Slavery and States' Rights

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Slavery and States Rights was a speech by Joseph Wheeler on July 31, 1894. This speech is considered to be a nationalist look at American Civil War causation and is generally understood to argue that the North was to blame for the war.

Contents

Overview

The Richmond, Virginia Dispatch stated, "The House of Representatives being in Committee of the Whole, on appropriations and expenditures, and having under consideration the bill to remove the charge of desertion standing against Patrick Kelleher, late private, Company C, Thirty-eighth Illinois Volunteers, Mr. Wheeler, of Alabama, as a member of the Committee on Military Affairs, made a speech."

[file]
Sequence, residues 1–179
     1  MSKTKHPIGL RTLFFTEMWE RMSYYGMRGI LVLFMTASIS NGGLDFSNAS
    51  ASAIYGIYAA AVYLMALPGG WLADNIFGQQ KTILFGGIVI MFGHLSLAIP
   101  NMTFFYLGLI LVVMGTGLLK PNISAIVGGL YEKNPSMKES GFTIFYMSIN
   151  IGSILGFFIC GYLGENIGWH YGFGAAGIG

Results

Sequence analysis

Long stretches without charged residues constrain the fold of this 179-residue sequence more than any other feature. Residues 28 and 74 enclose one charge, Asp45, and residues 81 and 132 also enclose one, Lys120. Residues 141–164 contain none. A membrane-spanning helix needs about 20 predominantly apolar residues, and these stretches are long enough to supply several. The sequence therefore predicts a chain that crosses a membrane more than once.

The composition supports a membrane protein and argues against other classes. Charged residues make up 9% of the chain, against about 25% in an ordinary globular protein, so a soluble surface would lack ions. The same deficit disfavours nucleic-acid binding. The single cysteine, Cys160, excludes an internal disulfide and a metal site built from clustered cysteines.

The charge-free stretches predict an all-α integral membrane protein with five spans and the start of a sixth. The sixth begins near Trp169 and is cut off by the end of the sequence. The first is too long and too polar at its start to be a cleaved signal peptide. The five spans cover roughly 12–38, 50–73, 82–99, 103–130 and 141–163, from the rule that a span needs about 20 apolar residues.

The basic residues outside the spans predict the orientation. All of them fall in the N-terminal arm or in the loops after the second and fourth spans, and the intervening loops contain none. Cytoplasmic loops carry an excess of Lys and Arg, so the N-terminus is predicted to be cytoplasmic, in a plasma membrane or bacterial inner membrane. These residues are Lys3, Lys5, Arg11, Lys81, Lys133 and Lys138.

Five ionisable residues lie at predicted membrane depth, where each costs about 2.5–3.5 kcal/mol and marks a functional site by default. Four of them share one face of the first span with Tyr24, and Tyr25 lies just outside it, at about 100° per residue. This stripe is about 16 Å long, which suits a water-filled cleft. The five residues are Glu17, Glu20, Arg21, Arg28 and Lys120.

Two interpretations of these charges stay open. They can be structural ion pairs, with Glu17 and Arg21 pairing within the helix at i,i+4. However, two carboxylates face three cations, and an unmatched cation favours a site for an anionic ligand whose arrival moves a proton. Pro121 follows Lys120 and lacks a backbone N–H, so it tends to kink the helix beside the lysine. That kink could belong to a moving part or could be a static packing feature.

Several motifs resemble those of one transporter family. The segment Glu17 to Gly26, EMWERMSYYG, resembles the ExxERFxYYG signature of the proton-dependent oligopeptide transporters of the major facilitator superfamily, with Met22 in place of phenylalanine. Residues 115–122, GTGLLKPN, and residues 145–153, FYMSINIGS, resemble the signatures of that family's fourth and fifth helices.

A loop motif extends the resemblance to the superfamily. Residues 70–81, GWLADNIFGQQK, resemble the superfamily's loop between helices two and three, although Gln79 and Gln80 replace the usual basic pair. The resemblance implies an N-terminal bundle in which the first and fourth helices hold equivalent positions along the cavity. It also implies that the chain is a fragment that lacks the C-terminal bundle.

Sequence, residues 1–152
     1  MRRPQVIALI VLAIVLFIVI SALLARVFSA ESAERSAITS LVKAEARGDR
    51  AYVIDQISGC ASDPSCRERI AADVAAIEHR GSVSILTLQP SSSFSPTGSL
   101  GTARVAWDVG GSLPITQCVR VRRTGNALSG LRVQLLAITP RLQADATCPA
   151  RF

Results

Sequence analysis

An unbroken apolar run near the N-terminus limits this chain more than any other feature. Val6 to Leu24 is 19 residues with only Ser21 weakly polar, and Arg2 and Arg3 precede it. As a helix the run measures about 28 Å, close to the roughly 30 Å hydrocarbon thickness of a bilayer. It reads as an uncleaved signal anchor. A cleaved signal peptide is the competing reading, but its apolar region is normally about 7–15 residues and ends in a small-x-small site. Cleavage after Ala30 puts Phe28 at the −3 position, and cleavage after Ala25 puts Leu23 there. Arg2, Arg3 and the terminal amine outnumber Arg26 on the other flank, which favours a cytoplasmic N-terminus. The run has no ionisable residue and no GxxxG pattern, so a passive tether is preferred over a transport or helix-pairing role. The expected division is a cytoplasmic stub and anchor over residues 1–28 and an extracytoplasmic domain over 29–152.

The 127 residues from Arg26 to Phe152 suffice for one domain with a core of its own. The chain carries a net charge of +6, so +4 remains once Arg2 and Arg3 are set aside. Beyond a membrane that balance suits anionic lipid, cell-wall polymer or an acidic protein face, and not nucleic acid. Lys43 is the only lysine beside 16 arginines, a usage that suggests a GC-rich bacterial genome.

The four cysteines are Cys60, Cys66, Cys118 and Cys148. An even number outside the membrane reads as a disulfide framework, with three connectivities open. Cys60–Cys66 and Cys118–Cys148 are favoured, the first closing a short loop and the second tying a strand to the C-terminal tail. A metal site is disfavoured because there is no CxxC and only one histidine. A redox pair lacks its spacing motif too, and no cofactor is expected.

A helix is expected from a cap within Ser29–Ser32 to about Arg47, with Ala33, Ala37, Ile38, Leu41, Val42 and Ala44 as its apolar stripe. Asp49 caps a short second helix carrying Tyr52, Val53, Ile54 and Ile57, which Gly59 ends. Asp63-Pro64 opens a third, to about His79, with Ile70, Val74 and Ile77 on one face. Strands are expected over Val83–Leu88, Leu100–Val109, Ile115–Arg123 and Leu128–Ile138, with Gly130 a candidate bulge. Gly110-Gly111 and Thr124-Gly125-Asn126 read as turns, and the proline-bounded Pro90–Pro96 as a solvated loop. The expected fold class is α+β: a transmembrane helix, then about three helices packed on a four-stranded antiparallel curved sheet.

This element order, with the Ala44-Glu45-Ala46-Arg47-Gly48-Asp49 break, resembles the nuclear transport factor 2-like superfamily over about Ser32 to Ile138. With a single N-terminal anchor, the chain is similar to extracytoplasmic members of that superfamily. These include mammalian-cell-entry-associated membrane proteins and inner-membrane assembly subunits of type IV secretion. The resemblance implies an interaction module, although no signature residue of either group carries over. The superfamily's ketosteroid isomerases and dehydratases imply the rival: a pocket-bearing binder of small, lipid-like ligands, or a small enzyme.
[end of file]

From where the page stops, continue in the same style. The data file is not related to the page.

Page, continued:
In his speech, Wheeler argued that the North, prior to the Civil War, had failed to comply with the terms of the Constitution. In particular, he argued that slaves were property and that Northern states had infringed on the constitutional property rights of the slaveholders. He also argued that not only had the North encouraged secession, but that in the past it had, itself, sought secession, and thus that secession was a right of the South. In an aside, Wheeler insinuated that the North was to blame for slavery.

In Which Wheeler Argues That the North Violated the Constitution

Wheeler explains (paraphrased), "I refute allegations that the responsibility of the war rested altogether upon the southern people. Many States of the North enacted laws making it a criminal offence for any official to comply with his oath of office." Wheeler was arguing that the failure of northern states to comply with the fugitive slave laws was in violation of the Constitution. (See: nullification)

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